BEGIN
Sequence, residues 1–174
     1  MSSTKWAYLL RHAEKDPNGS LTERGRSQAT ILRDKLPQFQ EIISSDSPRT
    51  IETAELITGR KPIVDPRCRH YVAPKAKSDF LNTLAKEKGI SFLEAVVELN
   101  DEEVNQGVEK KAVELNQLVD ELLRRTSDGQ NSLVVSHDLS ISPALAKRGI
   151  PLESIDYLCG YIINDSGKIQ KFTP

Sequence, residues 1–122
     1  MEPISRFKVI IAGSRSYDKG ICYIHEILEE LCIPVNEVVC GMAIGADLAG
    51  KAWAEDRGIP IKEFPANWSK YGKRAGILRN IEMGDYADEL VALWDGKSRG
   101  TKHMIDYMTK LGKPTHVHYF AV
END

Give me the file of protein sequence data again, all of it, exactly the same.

Sequence, residues 1–174
     1  MSSTKWAYLL RHAEKDPNGS LTERGRSQAT ILRDKLPQFQ EIISSDSPRT
    51  IETAELITGR KPIVDPRCRH YVAPKAKSDF LNTLAKEKGI SFLEAVVELN
   101  DEEVNQGVEK KAVELNQLVD ELLRRTSDGQ NSLVVSHDLS ISPALAKRGI
   151  PLESIDYLCG YIINDSGKIQ KFTP

Sequence, residues 1–122
     1  MEPISRFKVI IAGSRSYDKG ICYIHEILEE LCIPVNEVVC GMAIGADLAG
    51  KAWAEDRGIP IKEFPANWSK YGKRAGILRN IEMGDYADEL VALWDGKSRG
   101  TKHMIDYMTK LGKPTHVHYF AV